The Hawaii-born senator, who has told local reporters that he supports the federal recognition bill for native Hawaiians drafted by U.S. Sen. Daniel Akaka, noted other ethnic groups but did not mention native Hawaiians when answering a question about his thoughts on a formal U.S. apology to American Indians.

"I personally would want to see our tragic history, or the tragic elements of our history, acknowledged," the Democratic presidential hopeful said.

"I consistently believe that when it comes to whether it's Native Americans or African-American issues or reparations, the most important thing for the U.S. government to do is not just offer words, but offer deeds."

 

 

 I lifted the text directly, a quote from a quote from a quote.

He touches on some common themes he’s touched on before, most recently in Germany, when he says “There’s no doubt… we’ve got some very sad and difficult things to account for.”  It’s not something I disagree with, necessarily.  I said as much before when I said that there is an America that WAS and an America that COULD BE and the America that IS is struggling between those two conflicting realities, but the America that IS is not the America that WAS by any stretch of the imagination and I then went on to wonder which America the young senator believed this nation to currently be.  And if truth be told, the America that IS has left a mark on history that is peppered with both good and bad, yet the young senator’s Freudian slip might betray what he really thinks…  “I personally would want to see our tragic history…”  “…our TRAGIC history…”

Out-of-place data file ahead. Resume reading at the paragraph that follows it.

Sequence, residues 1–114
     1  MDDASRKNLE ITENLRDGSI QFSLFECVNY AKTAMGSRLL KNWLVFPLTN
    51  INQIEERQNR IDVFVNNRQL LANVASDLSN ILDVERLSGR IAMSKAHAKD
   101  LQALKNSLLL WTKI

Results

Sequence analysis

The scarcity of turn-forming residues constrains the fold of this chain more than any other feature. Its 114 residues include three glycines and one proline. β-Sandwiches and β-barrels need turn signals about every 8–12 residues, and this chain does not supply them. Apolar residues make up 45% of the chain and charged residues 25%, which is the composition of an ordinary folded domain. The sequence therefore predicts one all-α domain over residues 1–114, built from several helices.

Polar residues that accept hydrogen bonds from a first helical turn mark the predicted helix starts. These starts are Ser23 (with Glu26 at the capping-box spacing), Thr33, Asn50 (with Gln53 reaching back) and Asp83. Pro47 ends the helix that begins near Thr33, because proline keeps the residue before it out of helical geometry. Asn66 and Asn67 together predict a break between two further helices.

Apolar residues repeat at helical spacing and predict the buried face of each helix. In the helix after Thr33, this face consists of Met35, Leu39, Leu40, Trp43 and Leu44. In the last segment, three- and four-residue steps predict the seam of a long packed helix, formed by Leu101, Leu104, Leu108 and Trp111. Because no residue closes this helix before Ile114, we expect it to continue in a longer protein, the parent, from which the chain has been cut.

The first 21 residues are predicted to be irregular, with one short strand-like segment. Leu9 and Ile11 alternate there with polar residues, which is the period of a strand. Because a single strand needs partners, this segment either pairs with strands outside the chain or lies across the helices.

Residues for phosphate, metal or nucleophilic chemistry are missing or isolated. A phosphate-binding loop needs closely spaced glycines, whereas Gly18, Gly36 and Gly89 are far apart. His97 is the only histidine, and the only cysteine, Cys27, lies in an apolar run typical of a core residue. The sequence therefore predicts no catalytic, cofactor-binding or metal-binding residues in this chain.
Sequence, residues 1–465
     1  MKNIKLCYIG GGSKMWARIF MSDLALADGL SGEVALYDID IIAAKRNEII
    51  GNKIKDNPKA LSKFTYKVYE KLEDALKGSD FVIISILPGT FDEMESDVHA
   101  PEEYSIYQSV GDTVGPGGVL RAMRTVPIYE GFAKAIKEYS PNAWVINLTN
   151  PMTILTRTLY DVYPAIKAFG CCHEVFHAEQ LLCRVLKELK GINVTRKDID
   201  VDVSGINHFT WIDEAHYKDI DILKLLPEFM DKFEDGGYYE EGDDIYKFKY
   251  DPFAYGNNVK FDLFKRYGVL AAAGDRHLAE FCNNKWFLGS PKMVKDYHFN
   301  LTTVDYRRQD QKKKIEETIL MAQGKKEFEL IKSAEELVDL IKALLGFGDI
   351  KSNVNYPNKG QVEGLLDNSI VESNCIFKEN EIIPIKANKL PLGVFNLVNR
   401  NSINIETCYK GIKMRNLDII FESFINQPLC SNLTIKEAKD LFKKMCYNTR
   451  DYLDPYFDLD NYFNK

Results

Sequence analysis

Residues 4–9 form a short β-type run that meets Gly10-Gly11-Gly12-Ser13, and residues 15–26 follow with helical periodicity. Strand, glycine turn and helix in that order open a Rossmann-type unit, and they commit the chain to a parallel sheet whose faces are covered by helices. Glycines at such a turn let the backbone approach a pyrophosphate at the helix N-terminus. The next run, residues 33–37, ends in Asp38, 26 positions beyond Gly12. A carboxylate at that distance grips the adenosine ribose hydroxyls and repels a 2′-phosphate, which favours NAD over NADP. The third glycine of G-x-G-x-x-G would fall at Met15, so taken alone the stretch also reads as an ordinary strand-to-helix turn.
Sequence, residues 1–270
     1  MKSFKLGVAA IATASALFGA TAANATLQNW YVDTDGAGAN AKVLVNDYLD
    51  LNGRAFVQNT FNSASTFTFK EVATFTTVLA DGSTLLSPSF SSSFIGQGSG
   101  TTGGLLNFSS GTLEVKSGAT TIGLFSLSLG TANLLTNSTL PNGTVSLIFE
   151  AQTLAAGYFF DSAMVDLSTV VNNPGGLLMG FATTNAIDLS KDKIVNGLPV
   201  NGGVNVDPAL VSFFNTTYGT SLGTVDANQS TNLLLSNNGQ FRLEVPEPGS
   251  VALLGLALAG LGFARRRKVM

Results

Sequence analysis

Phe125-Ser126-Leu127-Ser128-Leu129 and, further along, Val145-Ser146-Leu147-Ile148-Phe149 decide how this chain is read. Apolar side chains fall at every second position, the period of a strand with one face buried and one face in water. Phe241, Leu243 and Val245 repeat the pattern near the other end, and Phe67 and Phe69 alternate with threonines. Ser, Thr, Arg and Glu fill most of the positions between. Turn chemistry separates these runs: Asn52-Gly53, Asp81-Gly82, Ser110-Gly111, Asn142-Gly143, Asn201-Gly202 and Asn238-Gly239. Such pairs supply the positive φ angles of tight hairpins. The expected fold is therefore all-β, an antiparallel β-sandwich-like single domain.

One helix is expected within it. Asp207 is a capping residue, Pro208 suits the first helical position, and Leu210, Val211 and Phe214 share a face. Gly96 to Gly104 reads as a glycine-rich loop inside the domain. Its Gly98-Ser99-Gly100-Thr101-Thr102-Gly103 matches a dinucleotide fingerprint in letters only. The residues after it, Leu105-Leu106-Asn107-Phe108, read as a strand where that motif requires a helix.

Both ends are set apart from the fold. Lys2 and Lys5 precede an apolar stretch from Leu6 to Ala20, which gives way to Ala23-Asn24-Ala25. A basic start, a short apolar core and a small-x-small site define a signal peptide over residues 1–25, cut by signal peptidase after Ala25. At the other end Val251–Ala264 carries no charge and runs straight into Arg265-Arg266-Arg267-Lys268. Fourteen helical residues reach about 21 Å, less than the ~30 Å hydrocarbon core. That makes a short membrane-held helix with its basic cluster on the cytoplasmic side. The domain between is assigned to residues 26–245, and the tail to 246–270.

-cough-

Er, um, er…  I mean “the tragic elements of our history, acknowledged.”

In college I had a lot of conversations with people who would argue that the United States is more an agent of discord and turmoil in the world than an agent of liberation and peace.  I also had several conversations with people who would argue that the US not only landed a man on the moon, but the moon revolves around the US and owes its very existence to the continued prosperity of the US.  It’s nearly impossible to have an intelligent conversation with either person.